Patrick

Patrick arrived on February 22, 1982.  He was perfect in every way except that his big toes were crooked and his thumbs seemed to be set a little lower than normal.

Thankfulness is a recurring theme in my life. Thankful for my “safety net” friends and family.  Thankful for the childhood I got to enjoy unencumbered by restrictive FOP lesions.  Thankful for the wonderful scientists who have dedicated their lives to researching FOP.  Thankful for the movement I still have.

Movement, in my and all other FOP sufferers’ case, is somewhat subjective.  It’s more of an ongoing narrative rather than the noun most people are familiar with and take for granted every day and, for most, throughout their lives.  My narrative so far: both shoulders fused, jaw fused, right ankle fused, right elbow fused, left elbow fused, and a minor stopover in my right hip/thigh that thankfully has not impacted motion.  As FOP methodically worked down my torso, I was thankful for things like being able to brush my hair, put contacts in, put a shirt on, scratch my nose, brush my teeth, smoke a cigarette, and drink a beer without any modifications.  I lost the ability to do everything in that list in that order over a period of 5 years.  My new list of things I’m thankful for: I am thankful that my elbows fused where they did (right elbow fused it 120° with my hand in front of my zipper and my left elbow fused it 90° with my hand in front of my stomach), the ability to walk, a creative mind, a bull-headed mentality, and a self deprecating sense of humor.  My elbows fusing at different angles means my hands are at different levels, which allows me to accomplish a much greater range of activities than I would if they both fused in the same position. For me, so far, these are the direct, tangible costs of FOP, but they are not the most impactful costs.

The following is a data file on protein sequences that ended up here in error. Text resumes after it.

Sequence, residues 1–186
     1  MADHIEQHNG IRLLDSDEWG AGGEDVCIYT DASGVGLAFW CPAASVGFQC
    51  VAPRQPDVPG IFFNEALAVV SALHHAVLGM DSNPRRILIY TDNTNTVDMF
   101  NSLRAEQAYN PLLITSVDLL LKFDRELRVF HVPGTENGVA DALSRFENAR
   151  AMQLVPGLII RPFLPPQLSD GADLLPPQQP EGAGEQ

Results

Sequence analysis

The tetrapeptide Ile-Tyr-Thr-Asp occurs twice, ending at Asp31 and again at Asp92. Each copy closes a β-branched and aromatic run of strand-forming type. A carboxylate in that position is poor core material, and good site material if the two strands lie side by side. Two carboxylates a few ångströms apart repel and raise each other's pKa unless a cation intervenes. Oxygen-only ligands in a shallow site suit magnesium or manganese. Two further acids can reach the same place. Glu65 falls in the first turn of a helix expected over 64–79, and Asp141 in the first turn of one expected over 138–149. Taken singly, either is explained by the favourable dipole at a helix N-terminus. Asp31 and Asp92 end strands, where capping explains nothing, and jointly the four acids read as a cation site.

The most impactful costs are the indirect, intangible costs: pride, independence, ambition. And these are not so much lost as redefined. With FOP the much harder thing not only for myself to cope with but for those around me to cope with is the not knowing what tomorrow brings; there is no pattern, there is no path, there is no “this is what tomorrow brings,” there is only today and the uncertainty of tomorrow.  For instance I don’t know how much longer I’ll be able to walk.  It may be forever or it may be until tomorrow. But I’m thankful for the ability to walk  and I know that no matter what happens tomorrow that I, with the help of the FOP Community, my safety net, and our scientists, can make it a few more steps even though the path of progress on my road is uncertain.

Web site: unswerving.webs.com

Date of Birth: 
Monday, 22 February, 1982
Diagnosed: 
July, 1982

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